Snow avalanches cause many fatalities every year and damage local economies worldwide. The present-day climate change affects the snowpack and, thus, the properties and frequency of snow avalanches. Reconstructing snow avalanche records can help us understand past variations in avalanche frequency and their relationship to climate change. Previous avalanche records have primarily been reconstructed using dendrochronology. Here, we investigate the potential of lake sediments to record snow avalanches by studying 27 < 30-cm-long sediment cores from Kenai Lake, south-central Alaska. We use X-ray computed tomography (CT) to image post-1964 varves and to identify dropstones. We use two newly identified cryptotephras to update the existing varve chronology. Satellite imagery is used to understand the redistribution of sediments by ice floes over the lake, which helps to explain why some avalanches are not recorded. Finally, we compare the dropstone record with climate data to show that snow avalanche activity is related to high amounts of snowfall in periods of relatively warm or variable temperature conditions. We show, for the first time, a direct link between historical snow avalanches and dropstones preserved in lake sediments. Although the lacustrine varve record does not allow for the development of a complete annual reconstruction of the snow avalanche history in the Kenai Lake valley, our results suggest that it can be used for long-term decadal reconstructions of the snow-avalanche history, ideally in combination with similar records from lakes elsewhere in the region. Full article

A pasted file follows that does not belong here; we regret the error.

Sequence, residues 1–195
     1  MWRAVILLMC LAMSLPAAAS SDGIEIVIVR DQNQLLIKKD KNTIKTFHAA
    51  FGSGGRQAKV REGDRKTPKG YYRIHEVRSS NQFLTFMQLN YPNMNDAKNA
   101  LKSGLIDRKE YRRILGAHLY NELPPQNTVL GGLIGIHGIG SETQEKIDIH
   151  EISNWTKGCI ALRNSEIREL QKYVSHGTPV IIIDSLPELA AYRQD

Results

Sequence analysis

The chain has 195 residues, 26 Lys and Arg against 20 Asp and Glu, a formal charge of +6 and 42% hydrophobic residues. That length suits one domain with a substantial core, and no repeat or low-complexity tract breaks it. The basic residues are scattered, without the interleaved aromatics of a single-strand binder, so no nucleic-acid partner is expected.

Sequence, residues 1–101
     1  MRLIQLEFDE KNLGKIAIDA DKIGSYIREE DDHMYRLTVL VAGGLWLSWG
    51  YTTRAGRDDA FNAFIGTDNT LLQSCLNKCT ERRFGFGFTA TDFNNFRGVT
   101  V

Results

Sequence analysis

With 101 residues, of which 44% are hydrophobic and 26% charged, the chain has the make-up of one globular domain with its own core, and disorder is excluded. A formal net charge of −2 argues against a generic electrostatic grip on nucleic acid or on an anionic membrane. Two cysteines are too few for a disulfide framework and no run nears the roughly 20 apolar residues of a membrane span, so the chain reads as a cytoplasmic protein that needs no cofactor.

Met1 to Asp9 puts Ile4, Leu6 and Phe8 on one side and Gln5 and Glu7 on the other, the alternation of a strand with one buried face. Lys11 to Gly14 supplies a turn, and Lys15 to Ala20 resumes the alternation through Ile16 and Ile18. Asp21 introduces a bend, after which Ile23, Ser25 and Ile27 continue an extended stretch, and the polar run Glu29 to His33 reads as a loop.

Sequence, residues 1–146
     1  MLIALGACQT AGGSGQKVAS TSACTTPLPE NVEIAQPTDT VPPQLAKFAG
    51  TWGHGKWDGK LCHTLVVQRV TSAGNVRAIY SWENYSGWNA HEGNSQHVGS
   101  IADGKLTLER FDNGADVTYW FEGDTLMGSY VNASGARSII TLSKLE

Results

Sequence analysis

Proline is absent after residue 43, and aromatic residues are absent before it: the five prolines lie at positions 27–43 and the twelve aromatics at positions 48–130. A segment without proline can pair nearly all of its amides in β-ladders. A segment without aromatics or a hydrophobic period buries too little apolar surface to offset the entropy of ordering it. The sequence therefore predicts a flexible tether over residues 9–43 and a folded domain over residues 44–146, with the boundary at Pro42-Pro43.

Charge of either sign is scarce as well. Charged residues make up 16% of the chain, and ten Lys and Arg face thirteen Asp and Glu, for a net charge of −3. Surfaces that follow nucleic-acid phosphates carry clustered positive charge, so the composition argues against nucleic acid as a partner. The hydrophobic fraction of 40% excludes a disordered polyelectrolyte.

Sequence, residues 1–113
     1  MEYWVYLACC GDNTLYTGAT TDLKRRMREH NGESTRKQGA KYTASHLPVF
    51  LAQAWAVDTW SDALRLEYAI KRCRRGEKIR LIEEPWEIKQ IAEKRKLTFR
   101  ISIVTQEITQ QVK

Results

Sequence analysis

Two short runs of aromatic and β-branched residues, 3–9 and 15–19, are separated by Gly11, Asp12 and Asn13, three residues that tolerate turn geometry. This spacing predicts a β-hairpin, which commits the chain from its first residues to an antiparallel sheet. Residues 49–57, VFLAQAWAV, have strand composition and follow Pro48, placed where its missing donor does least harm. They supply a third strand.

(This article belongs to the Special Issue Annually Laminated Lake Sediments) Printed Edition available
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Open AccessArticle
Grain-Size Distribution and Structural Characteristics of Varved Sediments from Lake Żabińskie (Northeastern Poland)
Quaternary 2019, 2(1), 8; https://doi.org/10.3390/quat2010008 - 04 Feb 2019
Cited by 3
Abstract
Typically, the description of varve microfacies is based on microscopic sedimentary structures, while standard grain-size analysis is commonly applied with lower resolution. Studies involving a direct comparison of varve microfacies and particle-size distributions, common for clastic environments, are scarce for biogenic varves. In [...] Read more.